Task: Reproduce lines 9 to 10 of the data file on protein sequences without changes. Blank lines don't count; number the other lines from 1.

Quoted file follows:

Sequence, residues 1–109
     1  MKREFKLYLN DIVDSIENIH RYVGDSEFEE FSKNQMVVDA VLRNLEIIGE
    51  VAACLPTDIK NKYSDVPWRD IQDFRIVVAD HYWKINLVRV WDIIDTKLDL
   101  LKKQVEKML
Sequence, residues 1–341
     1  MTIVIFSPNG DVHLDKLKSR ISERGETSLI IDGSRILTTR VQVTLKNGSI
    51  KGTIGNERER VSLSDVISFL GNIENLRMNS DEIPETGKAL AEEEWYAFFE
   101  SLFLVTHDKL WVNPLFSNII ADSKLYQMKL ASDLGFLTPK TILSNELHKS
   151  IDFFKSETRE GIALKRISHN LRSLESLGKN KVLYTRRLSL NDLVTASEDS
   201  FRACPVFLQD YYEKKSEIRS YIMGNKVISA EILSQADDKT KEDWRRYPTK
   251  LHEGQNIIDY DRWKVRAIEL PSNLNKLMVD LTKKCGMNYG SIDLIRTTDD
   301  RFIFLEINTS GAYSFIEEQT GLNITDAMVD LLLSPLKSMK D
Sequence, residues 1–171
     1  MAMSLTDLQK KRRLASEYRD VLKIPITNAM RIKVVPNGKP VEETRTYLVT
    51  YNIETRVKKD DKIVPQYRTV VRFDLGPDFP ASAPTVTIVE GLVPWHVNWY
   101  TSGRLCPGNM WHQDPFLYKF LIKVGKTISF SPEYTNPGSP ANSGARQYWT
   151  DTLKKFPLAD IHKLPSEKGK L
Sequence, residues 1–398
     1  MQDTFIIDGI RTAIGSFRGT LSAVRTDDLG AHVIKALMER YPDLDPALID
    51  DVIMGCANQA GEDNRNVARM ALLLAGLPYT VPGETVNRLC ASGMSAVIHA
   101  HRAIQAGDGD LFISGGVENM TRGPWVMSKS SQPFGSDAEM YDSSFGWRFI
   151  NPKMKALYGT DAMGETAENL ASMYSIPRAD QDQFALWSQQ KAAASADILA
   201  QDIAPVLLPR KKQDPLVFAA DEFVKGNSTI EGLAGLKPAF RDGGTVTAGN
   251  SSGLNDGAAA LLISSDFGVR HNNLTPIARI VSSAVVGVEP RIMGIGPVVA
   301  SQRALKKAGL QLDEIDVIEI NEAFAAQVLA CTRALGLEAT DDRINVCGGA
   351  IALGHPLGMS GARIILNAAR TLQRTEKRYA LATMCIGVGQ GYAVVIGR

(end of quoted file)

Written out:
   151  IDFFKSETRE GIALKRISHN LRSLESLGKN KVLYTRRLSL NDLVTASEDS
   201  FRACPVFLQD YYEKKSEIRS YIMGNKVISA EILSQADDKT KEDWRRYPTK